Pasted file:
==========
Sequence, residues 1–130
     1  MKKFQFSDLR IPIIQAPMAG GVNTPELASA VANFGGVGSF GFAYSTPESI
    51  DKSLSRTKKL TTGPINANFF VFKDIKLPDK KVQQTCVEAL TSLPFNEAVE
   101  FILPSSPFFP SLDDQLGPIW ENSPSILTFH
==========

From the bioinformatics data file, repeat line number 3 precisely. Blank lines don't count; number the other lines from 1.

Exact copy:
    51  DKSLSRTKKL TTGPINANFF VFKDIKLPDK KVQQTCVEAL TSLPFNEAVE